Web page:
It’s banned on Bangkok’s subway and in many hotels, such is the offensiveness of its odour. But durian is also a fruit beloved across Thailand – as well as elsewhere across Southeast Asia and beyond – for its rich, creamy, custard-like texture. Now the Thai government is taking things to the next level, with a plan to send the fruit all the way up into space.
When durian season arrives in Thailand, open-backed vans selling the notoriously stinky fruit pop up on seemingly every street corner. Almost immediately, they attract swarms of locals, who crowd around to get hold of one of the large, spiky-shelled fruits. The vendor uses a wooden stick and plenty of hard-earned skill and experience to find a durian that’s just suited to each customer’s taste, whether that’s soft and ripe or firm and crunchy.
While durian still bears a love-hate resemblance to the likes of Marmite, its undeniable popularity is what has earned it the nickname the ‘king of fruits’ in Thailand. That level of acclaim could now be about to rise beyond even an international level, as Thailand prepares to launch one of its favourite fruit into orbit in order to test how the specimens react to the journey.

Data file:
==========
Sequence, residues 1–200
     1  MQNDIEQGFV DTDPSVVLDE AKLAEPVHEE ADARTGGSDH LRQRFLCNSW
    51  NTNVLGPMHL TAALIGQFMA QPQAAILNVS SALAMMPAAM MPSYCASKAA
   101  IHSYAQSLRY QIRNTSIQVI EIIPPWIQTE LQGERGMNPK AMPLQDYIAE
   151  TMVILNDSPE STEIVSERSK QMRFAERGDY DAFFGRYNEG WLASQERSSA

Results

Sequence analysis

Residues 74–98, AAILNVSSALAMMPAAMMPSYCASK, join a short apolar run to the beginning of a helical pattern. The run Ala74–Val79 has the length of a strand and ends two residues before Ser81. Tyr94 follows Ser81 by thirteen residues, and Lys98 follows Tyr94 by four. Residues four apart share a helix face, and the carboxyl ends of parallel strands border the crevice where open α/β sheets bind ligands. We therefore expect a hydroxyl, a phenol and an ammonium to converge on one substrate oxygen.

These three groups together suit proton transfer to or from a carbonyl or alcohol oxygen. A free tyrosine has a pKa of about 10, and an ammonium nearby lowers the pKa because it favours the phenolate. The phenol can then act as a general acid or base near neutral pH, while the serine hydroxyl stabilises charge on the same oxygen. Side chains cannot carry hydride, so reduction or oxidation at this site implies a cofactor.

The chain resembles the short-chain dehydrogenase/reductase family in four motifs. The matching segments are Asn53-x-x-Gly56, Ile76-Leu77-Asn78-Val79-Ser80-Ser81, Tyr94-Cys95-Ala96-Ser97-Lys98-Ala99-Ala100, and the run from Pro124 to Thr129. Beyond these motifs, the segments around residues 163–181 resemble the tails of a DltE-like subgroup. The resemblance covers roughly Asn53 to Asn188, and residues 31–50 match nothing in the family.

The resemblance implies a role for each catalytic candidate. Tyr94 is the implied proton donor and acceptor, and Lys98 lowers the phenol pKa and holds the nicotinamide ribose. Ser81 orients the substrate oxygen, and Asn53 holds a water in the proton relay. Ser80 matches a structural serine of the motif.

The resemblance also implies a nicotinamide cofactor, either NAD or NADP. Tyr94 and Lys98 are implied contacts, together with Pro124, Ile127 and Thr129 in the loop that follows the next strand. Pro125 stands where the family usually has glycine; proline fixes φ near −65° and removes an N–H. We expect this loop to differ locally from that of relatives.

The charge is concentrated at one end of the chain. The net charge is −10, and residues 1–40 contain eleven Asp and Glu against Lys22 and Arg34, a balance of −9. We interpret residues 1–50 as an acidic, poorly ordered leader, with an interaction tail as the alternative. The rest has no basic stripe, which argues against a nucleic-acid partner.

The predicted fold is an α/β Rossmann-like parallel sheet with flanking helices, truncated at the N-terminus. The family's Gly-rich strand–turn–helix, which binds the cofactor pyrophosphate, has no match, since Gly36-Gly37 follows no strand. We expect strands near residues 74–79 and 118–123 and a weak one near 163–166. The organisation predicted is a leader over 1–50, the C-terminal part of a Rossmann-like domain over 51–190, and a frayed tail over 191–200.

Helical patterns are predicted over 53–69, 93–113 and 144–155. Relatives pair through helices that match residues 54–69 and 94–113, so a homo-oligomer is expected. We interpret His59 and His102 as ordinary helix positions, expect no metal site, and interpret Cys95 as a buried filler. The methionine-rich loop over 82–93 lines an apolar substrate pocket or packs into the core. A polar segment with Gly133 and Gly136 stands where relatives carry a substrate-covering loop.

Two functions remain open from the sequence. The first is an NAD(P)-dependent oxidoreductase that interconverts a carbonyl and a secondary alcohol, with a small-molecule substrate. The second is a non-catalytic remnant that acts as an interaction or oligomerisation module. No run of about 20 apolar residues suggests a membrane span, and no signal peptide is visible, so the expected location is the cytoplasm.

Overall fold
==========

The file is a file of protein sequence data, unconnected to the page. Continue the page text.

The BBC quoted a spokesperson from Thailand’s space agency, the Geo-Informatics and Space Technology Development Agency (GISTDA), as claiming that the longer-term goal of the mission ‘is to eventually bring Thai food up to space to be consumed by astronauts’. No Thai has yet made a trip away from our planet, after a project in 2014 to send the country’s first astronaut, Pirada Techawijit, on an extraterrestrial adventure was abandoned.
“For a start, we chose durian, which is the king of fruits in Thailand”, the GISTDA spokesperson told the BBC. “We’d like to send [them] to the atmosphere at the same level that astronauts live, and bring them back to analyse their texture for any changes.”
According to local media outlet Coconuts, the first batch of space-bound durian – which will be baked in preparation for its ride – will achieve lift-off with the help of a US-owned rocket. It could be on its way as soon as July, and will be accompanied by a local variety of purple non-glutinous rice, known as riceberry, which hails from Thailand’s northern and northeastern regions. Upon its return, scientists will examine what changes the durian has experienced during the ride, including to its texture and aroma.